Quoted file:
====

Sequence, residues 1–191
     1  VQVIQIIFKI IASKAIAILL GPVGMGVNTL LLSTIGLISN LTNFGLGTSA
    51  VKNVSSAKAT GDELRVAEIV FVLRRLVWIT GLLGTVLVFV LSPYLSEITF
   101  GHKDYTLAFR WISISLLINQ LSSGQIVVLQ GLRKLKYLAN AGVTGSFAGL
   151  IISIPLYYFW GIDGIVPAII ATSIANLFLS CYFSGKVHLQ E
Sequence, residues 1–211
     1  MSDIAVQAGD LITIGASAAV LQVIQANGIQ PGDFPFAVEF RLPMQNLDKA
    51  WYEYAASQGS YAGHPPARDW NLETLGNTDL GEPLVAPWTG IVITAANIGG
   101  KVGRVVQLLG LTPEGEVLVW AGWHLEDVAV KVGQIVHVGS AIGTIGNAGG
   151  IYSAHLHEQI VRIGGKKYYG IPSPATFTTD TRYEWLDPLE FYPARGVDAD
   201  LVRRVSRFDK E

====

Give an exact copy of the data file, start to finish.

Sequence, residues 1–191
     1  VQVIQIIFKI IASKAIAILL GPVGMGVNTL LLSTIGLISN LTNFGLGTSA
    51  VKNVSSAKAT GDELRVAEIV FVLRRLVWIT GLLGTVLVFV LSPYLSEITF
   101  GHKDYTLAFR WISISLLINQ LSSGQIVVLQ GLRKLKYLAN AGVTGSFAGL
   151  IISIPLYYFW GIDGIVPAII ATSIANLFLS CYFSGKVHLQ E
Sequence, residues 1–211
     1  MSDIAVQAGD LITIGASAAV LQVIQANGIQ PGDFPFAVEF RLPMQNLDKA
    51  WYEYAASQGS YAGHPPARDW NLETLGNTDL GEPLVAPWTG IVITAANIGG
   101  KVGRVVQLLG LTPEGEVLVW AGWHLEDVAV KVGQIVHVGS AIGTIGNAGG
   151  IYSAHLHEQI VRIGGKKYYG IPSPATFTTD TRYEWLDPLE FYPARGVDAD
   201  LVRRVSRFDK E